Below are the “pop scholarship” events on the TBR calendar this week. We keep our eyes out for events on and off campus that coincide with our mission to deepen public involvement and understanding, to debate the ideas of our time and place and to bridge the worlds of academia, journalism and the public interest.
TBR Blog is a space for commentary, opinion and reports on research in progress.
Feel free to let us know of other interesting, upcoming events by emailing the editor or in the comments below.
TBR Events for the week of Nov. 9 – 16, 2015
The Idaho Media Initiative presents a free screening of “Wisconsin Rising” followed by a Q and A session with director Sam Mayfield, tonight, Nov. 9, at 6 pm at the Boise State University Special Events Center. Details on Facebook.
In 2011, Wisconsin was the canary in the coal mine for America as newly-elected Republican Gov. Scott Walker stripped collective bargaining rights from the state’s public employees, undoing eight decades of basic workers’ rights. “Wisconsin Rising” catapults the viewer into the days, weeks, and months when Wisconsinites fought back against power, authority, and injustice.
Also tonight (Monday, Nov. 9), Pulitzer-prize winning journalist, author and cartoonist Matt Richtel delivers a lecture in the SUB Jordan Ballroom, also at 6 p.m. Richtel is a New York Times reporter based in San Francisco. His series of articles about the risks of distracted driving and its root causes won the 2010 Pulitzer Prize for National Reporting. More details from Boise State Public Radio.
On Friday, November 13th, at 12 pm in SUB Jordan A, Boise State political scientist Michael Allen will present a talk titled “Missed Opportunities in Kiev: US Troop Deployments, Extended Deterrence, and Asymmetric Conflict.” The research that will be presented focuses on the intersection between Allen’s two primary scholarly streams: the politics of troop deployments and the role of asymmetric conflict in global relations. The lecture is part of the Politics and Policy Brownbag series and is free and open to the public (BYO…)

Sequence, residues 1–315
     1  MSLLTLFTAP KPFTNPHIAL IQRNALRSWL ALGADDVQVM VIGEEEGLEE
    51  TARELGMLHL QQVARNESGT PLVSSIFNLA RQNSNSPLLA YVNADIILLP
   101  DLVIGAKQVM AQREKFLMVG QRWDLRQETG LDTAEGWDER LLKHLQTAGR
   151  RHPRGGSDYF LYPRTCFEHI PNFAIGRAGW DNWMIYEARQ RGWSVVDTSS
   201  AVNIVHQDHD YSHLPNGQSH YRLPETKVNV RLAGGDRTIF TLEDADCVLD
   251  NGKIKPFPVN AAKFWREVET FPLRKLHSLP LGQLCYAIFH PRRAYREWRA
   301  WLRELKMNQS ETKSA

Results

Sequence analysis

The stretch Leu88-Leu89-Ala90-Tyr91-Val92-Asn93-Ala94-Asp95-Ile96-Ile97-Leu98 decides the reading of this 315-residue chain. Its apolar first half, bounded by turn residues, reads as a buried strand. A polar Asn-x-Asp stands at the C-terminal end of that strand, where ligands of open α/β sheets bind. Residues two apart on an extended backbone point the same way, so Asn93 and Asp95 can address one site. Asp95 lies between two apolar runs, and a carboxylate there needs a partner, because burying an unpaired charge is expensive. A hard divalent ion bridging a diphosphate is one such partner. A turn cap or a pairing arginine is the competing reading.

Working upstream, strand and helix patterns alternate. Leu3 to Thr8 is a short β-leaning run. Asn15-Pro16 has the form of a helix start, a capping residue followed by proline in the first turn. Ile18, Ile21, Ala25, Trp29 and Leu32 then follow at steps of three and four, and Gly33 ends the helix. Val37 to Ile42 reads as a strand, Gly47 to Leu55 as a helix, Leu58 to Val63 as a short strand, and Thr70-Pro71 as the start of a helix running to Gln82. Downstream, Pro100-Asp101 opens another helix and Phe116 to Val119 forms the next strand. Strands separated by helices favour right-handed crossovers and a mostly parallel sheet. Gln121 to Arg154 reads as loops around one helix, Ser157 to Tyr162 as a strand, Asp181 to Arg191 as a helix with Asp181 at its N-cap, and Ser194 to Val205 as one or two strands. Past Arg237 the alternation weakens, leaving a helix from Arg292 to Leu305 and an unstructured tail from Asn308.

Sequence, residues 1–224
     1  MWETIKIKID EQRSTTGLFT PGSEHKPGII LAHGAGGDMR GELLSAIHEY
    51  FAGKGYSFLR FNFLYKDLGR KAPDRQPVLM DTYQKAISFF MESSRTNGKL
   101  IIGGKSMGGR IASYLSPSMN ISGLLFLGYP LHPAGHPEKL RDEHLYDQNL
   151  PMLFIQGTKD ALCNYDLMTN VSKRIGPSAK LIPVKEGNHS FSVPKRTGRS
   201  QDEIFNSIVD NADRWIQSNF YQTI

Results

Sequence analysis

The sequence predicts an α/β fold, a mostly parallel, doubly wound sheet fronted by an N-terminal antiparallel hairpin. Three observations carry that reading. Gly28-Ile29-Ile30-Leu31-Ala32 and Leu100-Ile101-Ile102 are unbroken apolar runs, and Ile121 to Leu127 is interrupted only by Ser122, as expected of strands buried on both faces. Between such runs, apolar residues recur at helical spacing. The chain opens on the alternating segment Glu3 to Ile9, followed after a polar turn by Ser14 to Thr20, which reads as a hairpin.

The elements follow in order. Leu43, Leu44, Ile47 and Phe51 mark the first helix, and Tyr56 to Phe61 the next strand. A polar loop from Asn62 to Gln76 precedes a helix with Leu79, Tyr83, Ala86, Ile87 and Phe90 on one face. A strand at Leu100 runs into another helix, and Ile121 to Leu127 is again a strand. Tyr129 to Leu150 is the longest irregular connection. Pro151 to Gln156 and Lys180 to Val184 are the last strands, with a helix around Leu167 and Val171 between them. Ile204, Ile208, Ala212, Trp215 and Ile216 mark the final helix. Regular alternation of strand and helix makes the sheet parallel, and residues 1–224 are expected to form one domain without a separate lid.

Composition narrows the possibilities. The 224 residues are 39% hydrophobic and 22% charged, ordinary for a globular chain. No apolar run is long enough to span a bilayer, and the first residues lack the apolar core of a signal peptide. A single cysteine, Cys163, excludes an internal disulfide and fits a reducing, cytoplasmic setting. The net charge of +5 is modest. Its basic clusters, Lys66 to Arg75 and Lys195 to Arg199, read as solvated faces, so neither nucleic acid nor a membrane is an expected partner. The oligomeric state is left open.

Also Friday, the Tunnel of Oppression, an interactive theater experience where the public is exposed to the type of oppression that marginalized groups often experience daily, begins. The event is open on Friday, 8 a.m. – 5 p.m. and Saturday, 11 a.m. – 5 p.m. in the Hatch Ballroom in the SUB and is free and open to the public.
On Saturday, the Idaho Organization of Resource Councils meets in Boise with keynote speaker Richard Manning on “The Burden and Promise of Our Great Rivers.” The talk is at 7:30 p.m. on Sat., Nov. 14 at the Basque Center, 601 W. Grove St. (reception at 6 p.m.) and tickets are required. Read Manning’s recent piece on the Snake River as Idaho’s “sewer system” from High Country News.
Journalist Richard Manning will speak on rivers at the IORC banquet Sat. evening.
The views and opinions expressed here are those of the writer and do not necessarily reflect those of Boise State University, the Center for Idaho History and Politics, or the School of Public Service.